Trucking news: On-board recorders run into legal static from owner-operators
When it comes to electronic on-board recorders (EOBRs), independent truck driver owner-operators have one message to the government: stay out of my business.
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WASHINGTON — When it comes to electronic on-board recorders (EOBRs), independent truck driver owner-operators have one message to the government: stay out of my business.
The group representing the nation’s 1 million or so owner-operators has filed preemptive lawsuit in anticipation of the government’s first attempt to mandate EOBRs — or “black boxes,” as they are known in trucker-speak.
Even though government’s rule doesn’t take effect until 2012, the Owner-Operator Independent Driver Association has filed a preliminary legal challenge in anticipation of a broader mandate coming out of Washington that might affect all truck drivers. The Federal Motor Carrier Safety Administration (FMCSA) has pretty much hinted as much.
OOIDA recently filed a petition for review with the U.S. Court of Appeals, 7th Circuit, challenging the Federal Motor Carrier Safety Administration’s (FMCSA) proposal on black boxes. For now, the government says it only wants to mandate those devices—which are about the size of a Bible and cost between $2,000 and $3,000—on those “bad apple” carriers and drivers who have shown egregious safety violations.
Shippers should care about these devices because typically any large cost absorbed by their carriers—whether company drivers or owner-operators—is passed onto shippers through higher rates.
OOIDA officials say they fear once this first proposed limited rule goes into effect, it’s only a matter of time before a larger, broader rule gets issued requiring the black boxes in all trucks. The black boxes are widely in use in Europe and elsewhere. In fact, trucks operating within the European Union are required to have EOBRs, which eliminate paper logs and greatly increase compliance with hours-of-service regulations.
The issue is a hot-button one for drivers. For one thing, some drivers view the black boxes as an invasion of privacy, another example of creeping “Big Brother” government invading their in-cab space.
“The rest of the story is this agency (FMCSA) has pretty much made it clear this is the first step. They’ve kind of tipped their hands that they intend to go much further, said Todd Spencer, OOIDA’s executive director. “We have pointed out the shortcomings for years.”
For one thing, OOIDA claims that companies that have utilized the black boxes have no better safety ratings than companies that do not. Privacy is another concern. Data from a trucker involved in an accident could be used in any legal proceeding. Another issue is cost. At a time when all truckers are facing an increasing regulatory burden and higher fuel costs, OOIDA says these black boxes could not survive a rigid cost/benefit analysis.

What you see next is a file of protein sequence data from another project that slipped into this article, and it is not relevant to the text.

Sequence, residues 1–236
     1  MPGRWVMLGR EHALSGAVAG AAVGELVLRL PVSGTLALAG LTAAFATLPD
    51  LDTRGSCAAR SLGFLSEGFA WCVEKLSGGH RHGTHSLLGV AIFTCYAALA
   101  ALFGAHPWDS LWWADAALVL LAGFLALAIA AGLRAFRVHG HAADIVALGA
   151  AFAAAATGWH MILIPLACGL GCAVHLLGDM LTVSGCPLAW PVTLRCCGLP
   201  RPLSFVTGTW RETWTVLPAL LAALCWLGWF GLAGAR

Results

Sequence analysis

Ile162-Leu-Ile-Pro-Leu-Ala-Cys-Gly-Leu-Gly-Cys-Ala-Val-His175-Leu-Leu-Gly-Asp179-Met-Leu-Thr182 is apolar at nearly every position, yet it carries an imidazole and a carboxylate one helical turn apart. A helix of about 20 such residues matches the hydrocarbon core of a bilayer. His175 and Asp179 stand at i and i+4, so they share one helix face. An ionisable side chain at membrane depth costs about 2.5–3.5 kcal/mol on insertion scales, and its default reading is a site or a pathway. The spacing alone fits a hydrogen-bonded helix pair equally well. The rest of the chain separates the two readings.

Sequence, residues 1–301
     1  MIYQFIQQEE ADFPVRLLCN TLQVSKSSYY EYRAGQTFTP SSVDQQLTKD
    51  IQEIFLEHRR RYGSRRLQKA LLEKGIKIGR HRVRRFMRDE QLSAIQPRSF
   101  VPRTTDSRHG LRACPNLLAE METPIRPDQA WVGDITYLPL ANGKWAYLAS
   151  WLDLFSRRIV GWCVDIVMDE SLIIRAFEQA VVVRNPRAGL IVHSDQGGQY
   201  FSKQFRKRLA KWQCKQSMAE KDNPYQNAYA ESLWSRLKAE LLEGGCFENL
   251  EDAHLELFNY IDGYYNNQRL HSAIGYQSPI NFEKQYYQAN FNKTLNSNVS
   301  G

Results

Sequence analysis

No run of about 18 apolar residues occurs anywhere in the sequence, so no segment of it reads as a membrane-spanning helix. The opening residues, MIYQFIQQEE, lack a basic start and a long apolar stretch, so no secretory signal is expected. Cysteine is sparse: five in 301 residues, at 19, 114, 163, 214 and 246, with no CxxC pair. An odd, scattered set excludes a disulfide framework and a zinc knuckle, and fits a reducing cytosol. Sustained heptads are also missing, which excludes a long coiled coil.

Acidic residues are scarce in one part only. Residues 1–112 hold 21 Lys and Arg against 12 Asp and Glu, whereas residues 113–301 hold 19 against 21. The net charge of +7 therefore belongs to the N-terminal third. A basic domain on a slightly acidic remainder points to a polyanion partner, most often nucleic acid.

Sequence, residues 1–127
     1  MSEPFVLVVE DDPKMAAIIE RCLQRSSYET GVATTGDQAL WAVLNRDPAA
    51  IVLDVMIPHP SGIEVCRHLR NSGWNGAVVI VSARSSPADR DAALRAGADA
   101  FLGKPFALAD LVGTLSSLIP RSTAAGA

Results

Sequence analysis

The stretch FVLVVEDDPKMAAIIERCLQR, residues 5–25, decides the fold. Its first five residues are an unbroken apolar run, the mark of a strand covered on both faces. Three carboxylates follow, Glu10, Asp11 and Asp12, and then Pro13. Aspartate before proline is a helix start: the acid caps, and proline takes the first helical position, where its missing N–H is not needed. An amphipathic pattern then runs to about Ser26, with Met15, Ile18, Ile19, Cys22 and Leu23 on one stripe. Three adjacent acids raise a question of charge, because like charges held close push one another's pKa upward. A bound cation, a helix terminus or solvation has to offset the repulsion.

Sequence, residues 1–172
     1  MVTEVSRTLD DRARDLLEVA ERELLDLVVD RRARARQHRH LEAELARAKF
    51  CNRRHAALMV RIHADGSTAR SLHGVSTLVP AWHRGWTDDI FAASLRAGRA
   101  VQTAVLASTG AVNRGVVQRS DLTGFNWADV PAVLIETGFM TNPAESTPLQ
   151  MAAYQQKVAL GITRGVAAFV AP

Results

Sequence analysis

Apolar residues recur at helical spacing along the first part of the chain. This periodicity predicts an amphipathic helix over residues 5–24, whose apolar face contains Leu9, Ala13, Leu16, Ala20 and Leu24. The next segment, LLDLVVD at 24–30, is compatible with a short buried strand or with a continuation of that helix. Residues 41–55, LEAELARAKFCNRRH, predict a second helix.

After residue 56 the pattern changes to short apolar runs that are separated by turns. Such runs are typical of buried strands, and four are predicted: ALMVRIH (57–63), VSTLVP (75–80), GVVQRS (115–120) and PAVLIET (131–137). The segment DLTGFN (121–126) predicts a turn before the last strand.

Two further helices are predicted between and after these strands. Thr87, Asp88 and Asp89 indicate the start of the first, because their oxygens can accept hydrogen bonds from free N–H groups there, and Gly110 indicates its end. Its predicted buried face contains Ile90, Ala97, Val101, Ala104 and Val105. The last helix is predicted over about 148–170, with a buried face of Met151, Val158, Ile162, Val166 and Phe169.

“Electronic on-board recorders are no more accurate than paper logs they replace,” Spencer says. “These costs will be dumped on small business owners.”
Spencer says OOIDA’s lawsuit is about justifying the perceived benefits. “They’ve got to be able to justify it—or forget about it.”
The issue also reopens old wounds in the owner-operator/big company schism. On one side is OOIDA, which has 155,000 members. On the other side is the American Trucking Associations, which has more than 27,000 company members. ATA has come out in favor of the black boxes, saying they improve safety and would save lives.
ATA President Bill Graves long has supported what he calls an “incentive-based approach” to trucking regulation compliance, including EOBRs. Last April, FMCSA issued a final rule mandating EOBRs for carriers, which the DOT has found during a compliance review to have a pattern of hours of service violations. The rule provides incentives for compliant carriers to adopt the use of such devices voluntarily and sets forth certain device design/performance specifications. The rule will become effective in June 2012.
So even though the effective date is still two years away, OOIDA says the time to act is now.
“The legal issues this raises have to be addressed—and addressed now,” Spencer says. “You can’t wait on those things. That dog doesn’t hunt.”
About the AuthorJohn D. Schulz John D. Schulz has been a transportation journalist for more than 20 years, specializing in the trucking industry. John is on a first-name basis with scores of top-level trucking executives who are able to give shippers their latest insights on the industry on a regular basis.
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